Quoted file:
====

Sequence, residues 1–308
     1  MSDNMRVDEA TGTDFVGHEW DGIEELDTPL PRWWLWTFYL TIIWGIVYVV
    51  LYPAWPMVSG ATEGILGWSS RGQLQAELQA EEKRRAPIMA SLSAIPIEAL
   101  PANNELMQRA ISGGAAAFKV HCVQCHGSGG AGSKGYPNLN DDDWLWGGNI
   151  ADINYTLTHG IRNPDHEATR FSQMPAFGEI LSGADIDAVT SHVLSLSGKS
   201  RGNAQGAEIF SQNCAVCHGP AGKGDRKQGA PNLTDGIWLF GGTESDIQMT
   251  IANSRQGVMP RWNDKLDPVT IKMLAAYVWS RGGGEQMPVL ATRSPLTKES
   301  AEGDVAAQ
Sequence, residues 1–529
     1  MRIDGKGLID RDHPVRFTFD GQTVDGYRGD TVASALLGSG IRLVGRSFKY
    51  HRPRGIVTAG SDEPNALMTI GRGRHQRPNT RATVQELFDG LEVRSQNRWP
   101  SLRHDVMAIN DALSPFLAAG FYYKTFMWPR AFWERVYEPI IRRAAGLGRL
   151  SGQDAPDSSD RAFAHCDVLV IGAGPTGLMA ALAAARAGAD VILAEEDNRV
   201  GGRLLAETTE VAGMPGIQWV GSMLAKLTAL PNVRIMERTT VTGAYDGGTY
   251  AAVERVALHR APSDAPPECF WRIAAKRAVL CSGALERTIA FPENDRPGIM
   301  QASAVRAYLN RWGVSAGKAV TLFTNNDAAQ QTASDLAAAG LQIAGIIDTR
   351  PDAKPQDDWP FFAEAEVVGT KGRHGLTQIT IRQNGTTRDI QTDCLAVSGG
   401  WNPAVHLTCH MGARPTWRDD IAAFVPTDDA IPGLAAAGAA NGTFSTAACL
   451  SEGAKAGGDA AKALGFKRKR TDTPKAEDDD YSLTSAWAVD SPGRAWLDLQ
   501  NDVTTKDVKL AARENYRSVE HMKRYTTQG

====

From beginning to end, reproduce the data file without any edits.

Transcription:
Sequence, residues 1–308
     1  MSDNMRVDEA TGTDFVGHEW DGIEELDTPL PRWWLWTFYL TIIWGIVYVV
    51  LYPAWPMVSG ATEGILGWSS RGQLQAELQA EEKRRAPIMA SLSAIPIEAL
   101  PANNELMQRA ISGGAAAFKV HCVQCHGSGG AGSKGYPNLN DDDWLWGGNI
   151  ADINYTLTHG IRNPDHEATR FSQMPAFGEI LSGADIDAVT SHVLSLSGKS
   201  RGNAQGAEIF SQNCAVCHGP AGKGDRKQGA PNLTDGIWLF GGTESDIQMT
   251  IANSRQGVMP RWNDKLDPVT IKMLAAYVWS RGGGEQMPVL ATRSPLTKES
   301  AEGDVAAQ
Sequence, residues 1–529
     1  MRIDGKGLID RDHPVRFTFD GQTVDGYRGD TVASALLGSG IRLVGRSFKY
    51  HRPRGIVTAG SDEPNALMTI GRGRHQRPNT RATVQELFDG LEVRSQNRWP
   101  SLRHDVMAIN DALSPFLAAG FYYKTFMWPR AFWERVYEPI IRRAAGLGRL
   151  SGQDAPDSSD RAFAHCDVLV IGAGPTGLMA ALAAARAGAD VILAEEDNRV
   201  GGRLLAETTE VAGMPGIQWV GSMLAKLTAL PNVRIMERTT VTGAYDGGTY
   251  AAVERVALHR APSDAPPECF WRIAAKRAVL CSGALERTIA FPENDRPGIM
   301  QASAVRAYLN RWGVSAGKAV TLFTNNDAAQ QTASDLAAAG LQIAGIIDTR
   351  PDAKPQDDWP FFAEAEVVGT KGRHGLTQIT IRQNGTTRDI QTDCLAVSGG
   401  WNPAVHLTCH MGARPTWRDD IAAFVPTDDA IPGLAAAGAA NGTFSTAACL
   451  SEGAKAGGDA AKALGFKRKR TDTPKAEDDD YSLTSAWAVD SPGRAWLDLQ
   501  NDVTTKDVKL AARENYRSVE HMKRYTTQG